Pinochet: the blame game

Malcolm, for once not entirely convincing us, believes a Connacht newspaper acknowledged the lingering death, after an assassination attempt, of Hendrick Verwoerd with the valediction: “He was a rotten bastard, God rot his soul” (or words to that effect). So let it be with Pinochet.

Any obituary of Pinochet which misses the “why?” factor should be instantly discounted. So, Malcolm urges all to bestir themselves and study Peter Kornbluh’s The Pinochet File. There is also a full hard-copy on Amazon. Beginners might even start here.

Kornbluh unpicked the US Government files to show how Pinochet was manufactured, established and maintained as a tool of US policy.

Nixon’s own tapes show him, on Kissinger’s advice, planning to subvert Allende by “anything short of a Dominican-type action”. The most readable account is Chris Hitchens stitching up a prosecution case against Kissinger: the original articles were in Harper’s, but see here.

Hitchens makes it clear that the intention came from Nixon, repaying debts to Pepsico and ITT. The mechanics, the “hard line”, came from Kissinger, pliant to his President’s will, eager to please, and the arch-manipulator chairing the “40 committee”. Kissinger forthwith instigated the plot to assassinate General Rene Schneider, Head of the Chilean Army, who was too prissy and legalistic for US needs. Let it be understood: Kissinger planned the operation, actively sought out fascistic elements in Chile, and supplied untraceable weaponry, that a inconvenient and loyal officer might be removed from the equation. As Tom Lehrer put it: political satire died when Henry Kissinger was awarded the Nobel Peace Prize.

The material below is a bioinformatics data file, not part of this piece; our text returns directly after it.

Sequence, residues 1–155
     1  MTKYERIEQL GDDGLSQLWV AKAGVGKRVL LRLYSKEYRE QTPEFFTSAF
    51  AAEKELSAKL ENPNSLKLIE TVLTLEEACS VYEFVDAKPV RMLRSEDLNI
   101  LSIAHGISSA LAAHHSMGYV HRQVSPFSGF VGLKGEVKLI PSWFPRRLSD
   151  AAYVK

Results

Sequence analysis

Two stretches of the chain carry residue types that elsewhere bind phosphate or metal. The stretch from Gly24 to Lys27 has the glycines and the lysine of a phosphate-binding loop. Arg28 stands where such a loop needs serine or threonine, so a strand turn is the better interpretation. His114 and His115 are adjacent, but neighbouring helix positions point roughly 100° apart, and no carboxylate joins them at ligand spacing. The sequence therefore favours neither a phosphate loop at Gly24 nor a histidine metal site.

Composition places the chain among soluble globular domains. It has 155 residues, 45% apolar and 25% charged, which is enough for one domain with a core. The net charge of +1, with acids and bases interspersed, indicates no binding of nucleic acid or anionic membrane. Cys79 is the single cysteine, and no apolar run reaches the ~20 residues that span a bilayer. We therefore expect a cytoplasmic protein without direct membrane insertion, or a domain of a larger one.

The “soft line” of US intervention was, in Richard Helms’ account of Nixon’s words, to “make the [Chilean] economy scream.” The US ambassador in Chile was ordered “to do all within our power to condemn Chile and the Chileans to utmost deprivation and poverty.”

The Church Commission is cited as absolving the CIA from involvement in the 1973 military coup in Chile. Not so fast, says Malcolm. Hitchens and other researchers show otherwise: that the CIA and other agencies of US policy actively recruited and supplied the military in the build-up to the other 9/11 (the bloody 1973 coup in Chile). Even more: there seems then to have been a cover-up, involving US complicity in the murder of its own citizens. Witness the unresolved case of Charles Horman (try Thomas Hauser’s book, which was the basis for the 1982 movie, Missing, over which the US Ambassador in Chile (Nat Davies) tried to sue. Another victim was Frank Teruggi.

Lest we forget …

And, inevitably, an eldrich screech from today’s Daily Telegraph:

Baroness Thatcher, who remained a loyal supporter to the last, was said to be “greatly saddened” by the news.

General Pinochet
General Pinochet: thousands were killed or disappeared during his time in power

She maintained that Gen Pinochet had offered vital help to Britain during the Falklands conflict in 1982.

A spokesman said Lady Thatcher would not be issuing a formal statement but would be sending her “deepest condolences” to Gen Pinochet’s widow and family.

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